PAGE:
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Research (129)  Tips and guidelines (95)  Tools (106)  Books (47)  Audio and video (48)  Interviews (30)  Cases and Examples (28)  Talks and presentations (18)  GUUUI articles (11)  Primers (14)  Online books (5)  Posters (5)  Glossaries (3)  People and organisations (3) 
 

271

How sites complies with common standards

According to Jakob Nielsen, "much of the Web is like an anthill built by ants on LSD." Websites are too difficult to use because they deviate from expected norms.

Comparing two studies, Jakob has estimated the extent to which web designs complies with common standards:
- 37% of design elements were done according to the same way by at least 80% of the sites
- 40% of design elements were done the same way by at least 50% the sites
- 23% of design elements were done in so many ways that no single approach dominated

Jakob argues that we must move as far as possible into the realm of design conventions, because people become accustomed to the prevailing standards. They assume that every site will work the same way as other sites they know.

Links:

  • The article The Need for Web Design Standards Open link in new window

Henrik Olsen - September 13, 2004

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See also: Guidelines and Standards (15)  Research (129) 


 

272

Eyetracking project reveals how people perceive new sites

A very interesting eyetracking research project looked through the eyes of 46 people to learn how they see online news. It's impossible to summarize the many findings, but here are some highlights:

- Headlines had less than a second of a site visitor's attention
- Smaller type encourages focused viewing behavior
- Larger type promotes scanning
- Shorter paragraphs get more attention than longer ones
- People often looked only at the first couple of words in blurbs
- People typically looked below the first screen
- Navigation placed at the top of a homepage performed best

Links:

  • More highlights by CyberJournalist.net Open link in new window
  • The Eyetrack III web site Open link in new window

Henrik Olsen - September 09, 2004 - via WebReference Update

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See also: Research (129)  Web page design (40)  Eye-tracking (14) 


 

273

Designing the optimal flow

Psychologists have studied "optimal human experience" for many years, often called "being in the flow". In his paper, Benjamin B. Bederson reviews the literature on flow, and takes a look at how it can be related to interface design.

An optimal flow has the following characteristics:
- It challenges us and requires skill without being too hard to use
- It makes it possible for us to concentrate and focus at the task at hand without interruption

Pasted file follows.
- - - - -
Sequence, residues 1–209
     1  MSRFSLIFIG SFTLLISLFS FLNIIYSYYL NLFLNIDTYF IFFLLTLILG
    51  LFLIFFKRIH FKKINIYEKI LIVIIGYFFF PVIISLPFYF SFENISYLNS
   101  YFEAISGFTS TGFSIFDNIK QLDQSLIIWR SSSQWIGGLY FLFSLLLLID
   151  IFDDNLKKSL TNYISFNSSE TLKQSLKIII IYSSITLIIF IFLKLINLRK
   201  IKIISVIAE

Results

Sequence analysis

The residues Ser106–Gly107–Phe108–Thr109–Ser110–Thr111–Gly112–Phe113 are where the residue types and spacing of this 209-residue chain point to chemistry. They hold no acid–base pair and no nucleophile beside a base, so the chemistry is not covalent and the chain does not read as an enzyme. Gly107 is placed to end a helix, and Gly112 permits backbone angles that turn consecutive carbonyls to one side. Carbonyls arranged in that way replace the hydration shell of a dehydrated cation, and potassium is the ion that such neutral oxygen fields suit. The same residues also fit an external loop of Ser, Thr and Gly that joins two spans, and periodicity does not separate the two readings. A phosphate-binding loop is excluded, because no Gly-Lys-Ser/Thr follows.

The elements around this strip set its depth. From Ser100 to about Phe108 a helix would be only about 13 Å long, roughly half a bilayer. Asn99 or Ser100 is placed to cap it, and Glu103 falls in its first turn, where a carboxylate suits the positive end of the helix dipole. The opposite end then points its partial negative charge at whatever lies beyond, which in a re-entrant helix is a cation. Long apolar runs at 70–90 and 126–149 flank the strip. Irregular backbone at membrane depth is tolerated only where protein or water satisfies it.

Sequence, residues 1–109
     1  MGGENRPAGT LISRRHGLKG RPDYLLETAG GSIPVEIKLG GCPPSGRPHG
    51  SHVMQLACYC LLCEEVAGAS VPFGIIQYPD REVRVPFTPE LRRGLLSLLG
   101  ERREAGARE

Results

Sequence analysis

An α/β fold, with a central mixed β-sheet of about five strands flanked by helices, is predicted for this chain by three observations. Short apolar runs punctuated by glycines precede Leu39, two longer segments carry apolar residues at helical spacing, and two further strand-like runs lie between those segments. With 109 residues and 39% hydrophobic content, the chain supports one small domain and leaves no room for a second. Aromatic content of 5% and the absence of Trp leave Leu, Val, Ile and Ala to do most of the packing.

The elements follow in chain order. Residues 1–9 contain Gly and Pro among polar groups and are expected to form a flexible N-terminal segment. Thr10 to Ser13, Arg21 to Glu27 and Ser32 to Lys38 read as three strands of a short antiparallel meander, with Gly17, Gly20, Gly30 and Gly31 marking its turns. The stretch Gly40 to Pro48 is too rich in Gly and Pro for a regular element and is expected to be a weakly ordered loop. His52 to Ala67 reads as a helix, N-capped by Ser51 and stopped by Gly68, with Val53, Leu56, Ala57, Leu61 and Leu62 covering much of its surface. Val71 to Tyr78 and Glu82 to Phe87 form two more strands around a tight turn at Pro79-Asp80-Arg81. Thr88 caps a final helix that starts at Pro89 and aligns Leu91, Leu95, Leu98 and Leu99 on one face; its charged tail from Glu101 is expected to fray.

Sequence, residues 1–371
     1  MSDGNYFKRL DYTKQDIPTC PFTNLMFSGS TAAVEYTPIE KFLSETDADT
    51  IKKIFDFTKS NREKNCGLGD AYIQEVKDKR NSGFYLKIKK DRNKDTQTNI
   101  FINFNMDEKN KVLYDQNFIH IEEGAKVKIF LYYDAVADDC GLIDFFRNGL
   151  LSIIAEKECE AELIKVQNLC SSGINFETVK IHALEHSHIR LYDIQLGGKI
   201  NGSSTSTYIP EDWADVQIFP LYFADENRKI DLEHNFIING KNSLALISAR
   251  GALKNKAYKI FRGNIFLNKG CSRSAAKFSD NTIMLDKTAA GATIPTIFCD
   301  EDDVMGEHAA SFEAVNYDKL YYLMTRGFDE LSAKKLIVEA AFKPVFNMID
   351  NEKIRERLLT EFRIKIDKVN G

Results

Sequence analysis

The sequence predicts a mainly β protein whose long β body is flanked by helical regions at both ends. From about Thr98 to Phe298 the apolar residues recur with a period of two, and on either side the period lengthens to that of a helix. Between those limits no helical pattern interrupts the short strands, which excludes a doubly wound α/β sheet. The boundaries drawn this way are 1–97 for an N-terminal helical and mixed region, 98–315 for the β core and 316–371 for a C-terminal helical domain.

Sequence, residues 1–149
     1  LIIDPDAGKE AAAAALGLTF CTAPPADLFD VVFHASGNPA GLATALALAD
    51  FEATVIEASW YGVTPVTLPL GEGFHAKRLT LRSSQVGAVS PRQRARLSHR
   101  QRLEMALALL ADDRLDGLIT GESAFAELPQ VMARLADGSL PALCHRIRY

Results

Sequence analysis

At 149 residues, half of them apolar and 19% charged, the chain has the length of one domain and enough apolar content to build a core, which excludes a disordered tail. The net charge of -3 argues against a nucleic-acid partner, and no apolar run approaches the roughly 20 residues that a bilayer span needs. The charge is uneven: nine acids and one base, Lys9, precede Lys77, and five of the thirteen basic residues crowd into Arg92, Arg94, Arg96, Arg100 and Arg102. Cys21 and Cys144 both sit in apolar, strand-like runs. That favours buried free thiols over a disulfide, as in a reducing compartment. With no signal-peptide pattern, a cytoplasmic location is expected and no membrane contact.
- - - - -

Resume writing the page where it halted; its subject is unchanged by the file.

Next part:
- It allow us to stay in control
- It gives us immediate feedback about progress
- It makes us lose track of time

What is most surprising about the findings is that when we experience the optimal flow, we are challenged and have to spend effort to acquire skills.

Links:

  • The paper Interfaces for Staying in the Flow Open link in new window

Henrik Olsen - September 08, 2004 - via UI Designer

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See also: Research (129)  Navigation (63) 


 

274

Eight quick ways to fix your search engine

Almost every site's search engine could use improvement. Unfortunately, development teams are often stuck tweaking the search technologies that has been purchased and installed.

Jeffery Veen has eight quick ways to improve existing search engines:
1. Take away as much features as you can to simplify your results page
2. Make sure the default ranking you select matches your user needs
3. Make sure the search field has something in it before allowing the form to be submitted
4. Make best bets by taking the top 50 search queries on your site and find three to five pages that satisfy each query.
5. Simplify the layout of your search result page
6. Offer help for zero results
7. If your content is categorized, include links at the top of the result page that show how many results match each category
8. If you link to a page that offers usage instructions, include interfaces for those features so they can be used without switching back and forth.

Links:

  • The article 8 Quick Ways to Fix Your Search Engine Open link in new window

Henrik Olsen - September 05, 2004

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See also: Search (27)  Tips and guidelines (95) 


 

275

Web sites are secondary to user experience